Intervertebral Disc Degeneration
Summary of an AAOS/NIH/ORS Workshop, September 2005
Gunnar B.J. Andersson, MD, PhD; Howard S. An, MD; Theodore R. Oegema Jr., PhD; Lori A. Setton, PhD

Degenerative changes of the intervertebral disc occur as a natural part of aging. What the initiating events are, what influences progression, and to what degree the degenerative process by itself is a source of pain remain unclear. From a clinical perspective, disc degeneration is considered one cause of chronic pain. Disc degeneration is also the source of important secondary clinical problems such as disc herniations, spinal stenosis, and degenerative spondylolisthesis.

In September 2005, a group of clinical, basic-science, and biomechanics experts gathered for a workshop on degenerative disc disease. The workshop was sponsored by the American Academy of Orthopaedic Surgeons, the National Institutes of Health, the Orthopaedic Research Society, and private industry. The presentations from the workshop, along with a research agenda outlined at the sessions, are published in the supplement to the current issue of The Journal of Bone and Joint Surgery. This article is a condensed report of the workshop. All references appear in the supplement.

The workshop began with an overview session moderated by Gunnar B. J. Andersson, MD, PhD. Tapio Videman, MD, presented information on the epidemiology and genetics of disc degeneration. Sally Roberts, PhD, reviewed the histologic and pathologic changes accompanying disc degeneration, while Victor Haughton, MD, talked about the rapidly emerging imaging methods. Finally, Jeffrey Katz, MD, MSc, reviewed the socioeconomic impact of this commonly presenting process.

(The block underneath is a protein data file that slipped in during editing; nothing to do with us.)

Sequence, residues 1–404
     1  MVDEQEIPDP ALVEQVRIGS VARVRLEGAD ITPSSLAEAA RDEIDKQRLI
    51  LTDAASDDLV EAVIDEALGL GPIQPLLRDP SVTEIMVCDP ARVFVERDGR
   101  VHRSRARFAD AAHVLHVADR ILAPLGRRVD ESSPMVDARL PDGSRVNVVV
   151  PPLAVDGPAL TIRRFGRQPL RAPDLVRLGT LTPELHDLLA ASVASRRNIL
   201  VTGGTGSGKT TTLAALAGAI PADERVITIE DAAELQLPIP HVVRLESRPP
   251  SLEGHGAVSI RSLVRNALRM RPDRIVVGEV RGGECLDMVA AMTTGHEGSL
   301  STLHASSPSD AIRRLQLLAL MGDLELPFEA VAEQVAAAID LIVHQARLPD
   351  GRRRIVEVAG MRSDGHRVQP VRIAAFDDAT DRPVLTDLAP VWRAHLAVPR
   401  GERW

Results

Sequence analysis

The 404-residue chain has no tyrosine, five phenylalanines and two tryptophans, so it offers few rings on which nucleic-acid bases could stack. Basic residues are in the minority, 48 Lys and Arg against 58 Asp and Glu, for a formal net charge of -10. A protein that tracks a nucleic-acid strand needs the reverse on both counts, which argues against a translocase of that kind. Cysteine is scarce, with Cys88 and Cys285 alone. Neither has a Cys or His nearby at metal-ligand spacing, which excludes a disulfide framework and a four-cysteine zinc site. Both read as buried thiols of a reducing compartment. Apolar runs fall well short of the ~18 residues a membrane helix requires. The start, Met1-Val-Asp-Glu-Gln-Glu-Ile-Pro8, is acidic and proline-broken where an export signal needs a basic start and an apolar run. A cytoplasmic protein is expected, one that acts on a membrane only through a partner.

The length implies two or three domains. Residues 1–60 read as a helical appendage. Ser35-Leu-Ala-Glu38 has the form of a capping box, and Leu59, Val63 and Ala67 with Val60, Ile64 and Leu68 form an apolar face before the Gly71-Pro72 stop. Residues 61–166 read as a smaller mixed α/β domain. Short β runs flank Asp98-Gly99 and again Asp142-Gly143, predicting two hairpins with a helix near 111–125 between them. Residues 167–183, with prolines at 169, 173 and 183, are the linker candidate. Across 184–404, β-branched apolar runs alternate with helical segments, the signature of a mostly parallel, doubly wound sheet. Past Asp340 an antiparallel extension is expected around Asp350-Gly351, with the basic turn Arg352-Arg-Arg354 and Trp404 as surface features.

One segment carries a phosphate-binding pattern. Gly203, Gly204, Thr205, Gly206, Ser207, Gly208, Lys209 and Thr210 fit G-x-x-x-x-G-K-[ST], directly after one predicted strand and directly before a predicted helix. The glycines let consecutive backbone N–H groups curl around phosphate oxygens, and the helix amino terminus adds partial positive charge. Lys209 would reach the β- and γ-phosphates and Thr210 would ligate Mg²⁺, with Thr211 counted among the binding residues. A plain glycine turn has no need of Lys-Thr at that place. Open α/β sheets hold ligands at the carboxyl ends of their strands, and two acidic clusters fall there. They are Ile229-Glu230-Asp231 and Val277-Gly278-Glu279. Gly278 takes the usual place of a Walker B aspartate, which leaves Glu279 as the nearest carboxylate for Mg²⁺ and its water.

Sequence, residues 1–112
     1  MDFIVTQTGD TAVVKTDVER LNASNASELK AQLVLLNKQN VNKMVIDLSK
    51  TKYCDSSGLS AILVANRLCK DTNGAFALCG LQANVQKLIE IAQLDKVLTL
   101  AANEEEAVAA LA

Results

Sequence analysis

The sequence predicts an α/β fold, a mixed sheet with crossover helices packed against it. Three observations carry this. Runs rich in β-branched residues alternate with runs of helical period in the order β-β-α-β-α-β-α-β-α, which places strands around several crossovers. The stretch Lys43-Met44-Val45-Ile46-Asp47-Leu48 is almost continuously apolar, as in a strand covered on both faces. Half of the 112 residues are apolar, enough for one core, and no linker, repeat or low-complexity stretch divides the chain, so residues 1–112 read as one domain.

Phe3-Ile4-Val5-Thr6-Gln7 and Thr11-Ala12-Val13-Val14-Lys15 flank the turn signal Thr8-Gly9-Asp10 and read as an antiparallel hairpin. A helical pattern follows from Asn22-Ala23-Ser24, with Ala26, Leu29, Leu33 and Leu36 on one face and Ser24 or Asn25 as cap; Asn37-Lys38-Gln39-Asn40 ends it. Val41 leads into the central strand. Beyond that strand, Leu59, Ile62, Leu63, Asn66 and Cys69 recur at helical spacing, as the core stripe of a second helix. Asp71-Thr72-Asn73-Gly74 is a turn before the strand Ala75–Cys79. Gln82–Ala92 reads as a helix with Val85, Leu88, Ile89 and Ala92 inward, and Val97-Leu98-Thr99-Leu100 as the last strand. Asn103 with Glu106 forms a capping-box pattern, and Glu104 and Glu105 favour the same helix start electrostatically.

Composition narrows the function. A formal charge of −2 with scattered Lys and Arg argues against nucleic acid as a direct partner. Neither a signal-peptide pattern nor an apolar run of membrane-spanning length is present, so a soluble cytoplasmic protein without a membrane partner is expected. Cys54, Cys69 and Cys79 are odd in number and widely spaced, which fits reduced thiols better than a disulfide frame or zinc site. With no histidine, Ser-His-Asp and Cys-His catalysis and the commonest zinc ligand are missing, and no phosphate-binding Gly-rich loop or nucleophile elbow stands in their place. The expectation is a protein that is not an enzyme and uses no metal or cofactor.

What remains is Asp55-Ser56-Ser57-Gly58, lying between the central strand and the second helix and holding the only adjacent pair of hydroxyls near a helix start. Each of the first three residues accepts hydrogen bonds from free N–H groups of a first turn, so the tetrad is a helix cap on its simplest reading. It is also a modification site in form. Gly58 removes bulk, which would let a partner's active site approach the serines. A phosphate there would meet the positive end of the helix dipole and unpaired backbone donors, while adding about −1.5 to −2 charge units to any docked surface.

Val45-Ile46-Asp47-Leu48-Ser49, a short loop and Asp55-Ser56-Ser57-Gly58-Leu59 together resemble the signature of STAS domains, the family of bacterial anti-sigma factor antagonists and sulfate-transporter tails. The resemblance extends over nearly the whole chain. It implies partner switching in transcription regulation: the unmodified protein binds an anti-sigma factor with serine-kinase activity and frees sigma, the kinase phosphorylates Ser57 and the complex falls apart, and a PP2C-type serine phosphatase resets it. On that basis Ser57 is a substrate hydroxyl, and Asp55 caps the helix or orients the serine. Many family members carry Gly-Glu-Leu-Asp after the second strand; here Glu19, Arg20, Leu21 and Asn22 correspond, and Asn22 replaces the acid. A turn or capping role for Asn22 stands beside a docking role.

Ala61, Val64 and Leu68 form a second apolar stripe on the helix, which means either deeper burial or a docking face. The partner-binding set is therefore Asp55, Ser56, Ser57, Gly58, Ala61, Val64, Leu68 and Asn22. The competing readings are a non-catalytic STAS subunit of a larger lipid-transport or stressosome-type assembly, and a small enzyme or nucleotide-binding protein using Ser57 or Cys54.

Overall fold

Over the past decade, a great shift has occurred in the understanding of the etiology of disc degeneration from an epidemiologic perspective. Studies on twins have suggested that heredity has a dominant role in disc degeneration, while physical loading and environmental factors play a lesser role. Several gene forms have been associated with disc degeneration. It appears likely that disc degeneration can be characterized as a common, oligogenic, multifactorial genetic condition. Dr. Videman suggested that a standardized …

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